October 30, 2013
As much as it pains me to write this (I have a very strong sweet tooth), a recent article in Neurology has demonstrated that sugar has a negative impact on learning and other cognitive functions. The study found a strong link between high glucose levels and poor performance on memory tasks.
The authors note that even in the absence of diabetes, “chronically higher blood glucose levels exert a negative influence on cognition.” They add that “strategies aimed at lowering glucose levels even in the normal range may beneficially influence cognition in the older population.”
Despite this, I’ve been snacking on M&Ms while writing this.
October 14, 2013
When people compare psychotherapy to medication, one of the arguments often used is that psychotherapy does not have any “side effects.” I totally disagree… everything we do has side effects. Every time we opt to turn right we do so at the expense of turning left. But even beyond that, psychotherapy surely has side effects… even negative side effects. For example, it is not uncommon for a patient to leave a particularly difficult therapy session feeling lower in mood after coming to a hard realization about the viability of a significant relationship that is crumbling, or after discussing a particularly painful time in their life. But that doesn’t mean that this “side effect” is a bad thing. In fact, when this occurs, it is often very situationally appropriate, and sometimes is the first time that a person has really grieved a lost (or soon to be lost) relationship, fully addressed a painful memory with logic and emotion, etc.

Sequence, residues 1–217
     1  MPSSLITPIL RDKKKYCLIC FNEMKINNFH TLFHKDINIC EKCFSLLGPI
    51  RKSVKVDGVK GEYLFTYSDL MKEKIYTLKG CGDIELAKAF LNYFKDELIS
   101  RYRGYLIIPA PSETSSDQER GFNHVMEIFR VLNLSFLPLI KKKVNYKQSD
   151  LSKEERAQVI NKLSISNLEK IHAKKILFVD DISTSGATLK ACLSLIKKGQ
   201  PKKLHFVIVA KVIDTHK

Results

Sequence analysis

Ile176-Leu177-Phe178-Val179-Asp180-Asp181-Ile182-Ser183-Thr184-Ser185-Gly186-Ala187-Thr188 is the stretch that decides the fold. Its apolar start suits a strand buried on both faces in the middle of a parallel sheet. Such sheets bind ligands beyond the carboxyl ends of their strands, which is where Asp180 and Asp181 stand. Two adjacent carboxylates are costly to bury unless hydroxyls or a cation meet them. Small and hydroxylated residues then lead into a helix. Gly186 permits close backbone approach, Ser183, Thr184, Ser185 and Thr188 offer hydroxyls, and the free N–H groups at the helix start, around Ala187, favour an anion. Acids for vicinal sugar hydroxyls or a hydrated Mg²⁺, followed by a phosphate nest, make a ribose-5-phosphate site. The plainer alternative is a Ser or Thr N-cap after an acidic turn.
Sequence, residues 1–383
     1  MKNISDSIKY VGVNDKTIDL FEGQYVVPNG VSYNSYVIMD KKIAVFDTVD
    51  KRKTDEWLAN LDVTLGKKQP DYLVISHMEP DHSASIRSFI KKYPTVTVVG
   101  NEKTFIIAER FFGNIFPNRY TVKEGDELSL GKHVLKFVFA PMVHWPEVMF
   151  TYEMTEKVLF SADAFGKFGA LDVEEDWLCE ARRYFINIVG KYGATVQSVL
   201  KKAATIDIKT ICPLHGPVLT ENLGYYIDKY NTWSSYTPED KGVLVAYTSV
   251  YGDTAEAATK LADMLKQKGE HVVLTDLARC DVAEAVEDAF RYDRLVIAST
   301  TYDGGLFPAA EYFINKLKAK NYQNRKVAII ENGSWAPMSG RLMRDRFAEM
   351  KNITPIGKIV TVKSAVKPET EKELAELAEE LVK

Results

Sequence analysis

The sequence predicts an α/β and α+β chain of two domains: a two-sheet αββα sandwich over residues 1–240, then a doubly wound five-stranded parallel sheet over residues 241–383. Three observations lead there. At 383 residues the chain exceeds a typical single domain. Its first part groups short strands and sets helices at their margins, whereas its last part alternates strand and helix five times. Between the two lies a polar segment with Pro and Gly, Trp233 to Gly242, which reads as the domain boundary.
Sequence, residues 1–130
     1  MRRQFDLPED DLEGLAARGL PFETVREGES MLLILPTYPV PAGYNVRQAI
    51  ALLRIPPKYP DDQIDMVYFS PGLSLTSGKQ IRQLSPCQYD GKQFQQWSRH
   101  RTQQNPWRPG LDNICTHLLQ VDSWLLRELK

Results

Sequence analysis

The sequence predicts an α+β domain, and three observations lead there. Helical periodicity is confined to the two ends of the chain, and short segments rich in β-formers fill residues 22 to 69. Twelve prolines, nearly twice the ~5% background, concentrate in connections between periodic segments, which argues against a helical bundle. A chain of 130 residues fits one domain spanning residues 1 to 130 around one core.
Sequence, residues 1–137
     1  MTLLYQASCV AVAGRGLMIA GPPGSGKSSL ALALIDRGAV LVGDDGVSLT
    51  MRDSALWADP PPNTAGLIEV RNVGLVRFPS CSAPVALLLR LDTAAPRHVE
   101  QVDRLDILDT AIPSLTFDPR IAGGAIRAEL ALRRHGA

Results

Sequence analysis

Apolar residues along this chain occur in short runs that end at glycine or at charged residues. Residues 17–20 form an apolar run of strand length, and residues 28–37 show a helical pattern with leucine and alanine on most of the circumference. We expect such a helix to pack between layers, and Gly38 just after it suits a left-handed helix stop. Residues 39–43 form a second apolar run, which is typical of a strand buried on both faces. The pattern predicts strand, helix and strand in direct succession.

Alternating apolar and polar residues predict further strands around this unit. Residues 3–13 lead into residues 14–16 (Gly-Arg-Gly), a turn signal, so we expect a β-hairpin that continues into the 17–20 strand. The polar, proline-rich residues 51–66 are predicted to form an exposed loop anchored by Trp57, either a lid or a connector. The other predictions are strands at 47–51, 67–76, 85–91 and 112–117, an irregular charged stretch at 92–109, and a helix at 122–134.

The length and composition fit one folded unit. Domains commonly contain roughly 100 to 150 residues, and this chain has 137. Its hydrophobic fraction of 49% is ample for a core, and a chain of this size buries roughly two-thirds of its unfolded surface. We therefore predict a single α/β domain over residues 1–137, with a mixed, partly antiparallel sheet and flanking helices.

I found a nice blog post from GoodTherapy specifically addressing myths about psychotherapy including whether therapy makes things worse.